Passphrases That You Can Memorize — But That Even the NSA Can’t Guess
This is sort of a re-tweet, but having studied a bit of the science behind cryptography over the years (I once ‘invented’ an encryption algorithm and even presented it to a cryptography expert (being ignorant can have amazing payoffs if you are lucky); only later did I realize how cheeky I was and later still after doing some entropy analysis did I realize that my algorithm sucked massively) I have a very good feeling about this. Diceware is a very simple, yet elegant and effective way to produce passphrases that have a useful amount of entropy (the article does a decent job of explaining this) yet are feasible to remember. While unnecessary, throwing capitalization and/or punctuation adds a few more bits of entropy against those performing an attack.
A note to reinforce the comments regarding using this technique for websites/cloud authentication: it is not feasible to test a trillion passphrases a second across the Internet against a busy server so it isn’t necessary to have the same level of entropy. Also, there are plenty of attacks that make having the best passphrase irrelevant anyway. This Diceware approach is for securing things you have physical control over (though, a note to you paranoid types: physical control is not total control if the device can ever be accessed via a device that has ever been connected in any way to any network that has ever been connected to the Internet at any time).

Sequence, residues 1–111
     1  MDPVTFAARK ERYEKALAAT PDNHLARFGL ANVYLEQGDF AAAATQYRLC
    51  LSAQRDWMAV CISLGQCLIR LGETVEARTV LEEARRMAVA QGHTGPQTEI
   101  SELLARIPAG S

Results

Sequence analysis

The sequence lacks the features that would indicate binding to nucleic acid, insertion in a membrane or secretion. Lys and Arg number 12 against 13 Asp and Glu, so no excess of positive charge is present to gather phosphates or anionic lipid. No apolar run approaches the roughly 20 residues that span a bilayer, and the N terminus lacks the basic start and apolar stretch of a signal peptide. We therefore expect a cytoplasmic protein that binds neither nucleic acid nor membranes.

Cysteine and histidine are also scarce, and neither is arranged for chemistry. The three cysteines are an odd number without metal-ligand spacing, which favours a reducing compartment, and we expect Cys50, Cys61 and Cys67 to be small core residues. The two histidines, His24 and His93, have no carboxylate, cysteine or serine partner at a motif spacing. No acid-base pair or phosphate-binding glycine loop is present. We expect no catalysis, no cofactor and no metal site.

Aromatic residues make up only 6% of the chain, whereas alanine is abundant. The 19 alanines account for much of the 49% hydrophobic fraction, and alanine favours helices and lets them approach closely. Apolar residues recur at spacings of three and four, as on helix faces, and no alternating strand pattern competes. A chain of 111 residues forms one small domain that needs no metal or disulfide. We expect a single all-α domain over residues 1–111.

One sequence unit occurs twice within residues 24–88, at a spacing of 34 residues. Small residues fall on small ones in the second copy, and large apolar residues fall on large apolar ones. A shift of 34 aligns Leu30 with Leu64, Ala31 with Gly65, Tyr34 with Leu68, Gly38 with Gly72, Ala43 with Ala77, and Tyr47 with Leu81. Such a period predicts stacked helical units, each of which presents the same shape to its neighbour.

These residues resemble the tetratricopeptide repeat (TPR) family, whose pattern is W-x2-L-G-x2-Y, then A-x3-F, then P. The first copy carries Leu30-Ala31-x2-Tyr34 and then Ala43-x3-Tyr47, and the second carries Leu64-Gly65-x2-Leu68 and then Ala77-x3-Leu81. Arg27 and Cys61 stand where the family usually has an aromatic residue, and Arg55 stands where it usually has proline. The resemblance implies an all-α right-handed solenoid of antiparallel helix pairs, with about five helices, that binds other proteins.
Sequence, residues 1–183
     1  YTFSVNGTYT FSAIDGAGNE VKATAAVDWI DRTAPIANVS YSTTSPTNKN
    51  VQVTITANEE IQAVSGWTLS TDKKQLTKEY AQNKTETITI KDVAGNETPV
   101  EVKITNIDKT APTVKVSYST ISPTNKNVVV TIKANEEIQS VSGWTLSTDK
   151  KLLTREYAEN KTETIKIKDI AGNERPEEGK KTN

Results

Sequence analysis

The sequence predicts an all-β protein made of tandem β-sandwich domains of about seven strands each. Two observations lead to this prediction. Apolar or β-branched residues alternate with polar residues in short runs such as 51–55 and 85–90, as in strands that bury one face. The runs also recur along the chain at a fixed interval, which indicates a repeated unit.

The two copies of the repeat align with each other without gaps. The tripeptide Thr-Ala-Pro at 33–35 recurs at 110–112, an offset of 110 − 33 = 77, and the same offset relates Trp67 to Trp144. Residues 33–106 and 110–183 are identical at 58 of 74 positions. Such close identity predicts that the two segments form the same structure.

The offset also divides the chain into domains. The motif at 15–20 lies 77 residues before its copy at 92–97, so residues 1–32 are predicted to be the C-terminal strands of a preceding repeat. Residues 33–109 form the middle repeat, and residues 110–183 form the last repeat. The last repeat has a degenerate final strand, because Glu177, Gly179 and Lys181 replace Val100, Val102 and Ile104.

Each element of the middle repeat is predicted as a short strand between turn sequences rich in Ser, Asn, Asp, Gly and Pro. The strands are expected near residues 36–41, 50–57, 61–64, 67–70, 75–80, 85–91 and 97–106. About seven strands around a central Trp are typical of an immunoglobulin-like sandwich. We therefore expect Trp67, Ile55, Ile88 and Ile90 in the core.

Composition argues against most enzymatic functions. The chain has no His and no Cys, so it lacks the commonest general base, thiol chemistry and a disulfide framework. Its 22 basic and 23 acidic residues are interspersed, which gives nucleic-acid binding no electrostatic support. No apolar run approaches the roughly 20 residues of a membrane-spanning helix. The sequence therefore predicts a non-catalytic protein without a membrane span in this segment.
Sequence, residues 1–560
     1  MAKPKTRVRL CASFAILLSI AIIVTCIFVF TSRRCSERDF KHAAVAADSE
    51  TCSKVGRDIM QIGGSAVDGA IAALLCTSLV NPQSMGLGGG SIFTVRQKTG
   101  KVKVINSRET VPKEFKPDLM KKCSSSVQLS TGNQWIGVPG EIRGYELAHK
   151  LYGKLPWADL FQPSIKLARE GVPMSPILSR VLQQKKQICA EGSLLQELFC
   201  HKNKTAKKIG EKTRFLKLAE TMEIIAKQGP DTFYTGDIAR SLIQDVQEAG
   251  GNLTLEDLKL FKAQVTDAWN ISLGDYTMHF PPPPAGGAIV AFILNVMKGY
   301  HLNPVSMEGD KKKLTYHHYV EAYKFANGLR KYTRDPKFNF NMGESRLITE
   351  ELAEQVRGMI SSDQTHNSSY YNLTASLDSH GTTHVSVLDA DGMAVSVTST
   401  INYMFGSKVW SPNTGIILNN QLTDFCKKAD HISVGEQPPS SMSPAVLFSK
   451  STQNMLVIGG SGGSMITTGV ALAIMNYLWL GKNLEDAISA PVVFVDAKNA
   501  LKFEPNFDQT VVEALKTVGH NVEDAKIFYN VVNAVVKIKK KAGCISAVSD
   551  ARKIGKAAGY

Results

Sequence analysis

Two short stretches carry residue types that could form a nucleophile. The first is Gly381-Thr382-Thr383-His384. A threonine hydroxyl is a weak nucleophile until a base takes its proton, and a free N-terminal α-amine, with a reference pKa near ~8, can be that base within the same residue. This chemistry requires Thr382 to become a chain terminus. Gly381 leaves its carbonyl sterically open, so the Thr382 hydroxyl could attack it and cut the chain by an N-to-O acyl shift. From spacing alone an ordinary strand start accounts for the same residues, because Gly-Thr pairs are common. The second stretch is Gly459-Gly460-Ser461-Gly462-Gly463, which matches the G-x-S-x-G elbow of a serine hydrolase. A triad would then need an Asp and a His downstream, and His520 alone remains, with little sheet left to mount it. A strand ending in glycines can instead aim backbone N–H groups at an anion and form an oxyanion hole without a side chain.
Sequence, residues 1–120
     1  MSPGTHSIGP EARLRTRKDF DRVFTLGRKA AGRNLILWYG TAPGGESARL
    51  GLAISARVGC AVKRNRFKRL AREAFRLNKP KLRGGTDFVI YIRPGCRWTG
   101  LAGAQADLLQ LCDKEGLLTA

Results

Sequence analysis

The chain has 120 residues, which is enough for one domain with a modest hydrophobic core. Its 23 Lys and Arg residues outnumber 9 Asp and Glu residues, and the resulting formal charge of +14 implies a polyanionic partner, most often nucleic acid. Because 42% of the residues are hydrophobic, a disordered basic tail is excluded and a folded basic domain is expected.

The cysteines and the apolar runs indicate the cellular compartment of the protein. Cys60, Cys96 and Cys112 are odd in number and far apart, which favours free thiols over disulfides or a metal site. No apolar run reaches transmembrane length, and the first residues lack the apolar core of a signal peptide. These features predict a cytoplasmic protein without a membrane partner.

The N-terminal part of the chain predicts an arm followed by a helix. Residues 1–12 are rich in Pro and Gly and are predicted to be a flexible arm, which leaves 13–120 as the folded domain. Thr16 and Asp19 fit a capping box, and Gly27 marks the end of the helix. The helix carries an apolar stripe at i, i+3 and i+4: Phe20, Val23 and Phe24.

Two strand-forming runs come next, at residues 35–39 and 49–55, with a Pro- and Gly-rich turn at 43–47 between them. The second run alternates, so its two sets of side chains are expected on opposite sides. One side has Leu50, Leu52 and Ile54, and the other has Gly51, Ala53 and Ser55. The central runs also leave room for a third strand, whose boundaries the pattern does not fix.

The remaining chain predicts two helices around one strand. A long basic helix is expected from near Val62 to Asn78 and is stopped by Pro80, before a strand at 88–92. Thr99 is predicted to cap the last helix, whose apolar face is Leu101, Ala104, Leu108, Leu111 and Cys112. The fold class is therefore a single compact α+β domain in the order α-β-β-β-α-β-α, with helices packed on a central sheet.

Your microwave dinner is making you obese: What the food industry doesn’t want you to know
New research indicates processed foods are even more harmful to our health than previously thought
A bit of a misnomer, the microwave has nothing to do with making you obese, it is the processing of the processed foods. I talk about how processed food can lead to metabolic syndrome but in that post it was about eating too many calories (made easy because processed food is so energy dense). This article is saying that the processed products themselves are the problem due to the compounds used during the processing. I have been eating less processed food lately, but that is for financial reasons (we are spending so much on the greenhouse/pool that we have to spend less thus cook more). I don’t feel any less fat, but then again, if my microbiome has been distorted too much it might require intervention in order to put me in a better state.
Anyway, processed food is a problem! Eat more unrefined foods!
Lockheed is claiming it can solve the world’s energy problems:
I think it is hubris that makes a claim that they can go from nothing to a working prototype in 5 years when collectively the world’s best research scientists have spent 5+ decades and likely 100+ billion bucks with next to nothing to show for it. There is no doubt that having access to piles of money and eliminating the bureaucracy will speed things up (think Manhattan Project, but is Lockheed going to piss that much away on spec?), but I have no reason to think that just because a team was once great in the past on a totally different subject (aeronautics of the U2 and Blackbird) that that team can just switch over to something completely different. It smells like an attempt to jack up their stock price to me.
Now if they were claiming they already had a breakthrough and had something that was already showing enough positive net energy to mathematically pay for the start up energy given that converting to steam and twirling turbines results in a 60% loss and they had ‘only’ to work out how to effectively capture the neutronic energy at high efficiency, then I might be less pessimistic. Not optimistic, because that is still a non-trivial problem, less pessimistic.
When a web page advertising a scientific breakthrough of the magnitude Lockheed is suggesting reads like an infomercial with all the content removed, it really raises my skeptic’s hackles. Show me the science!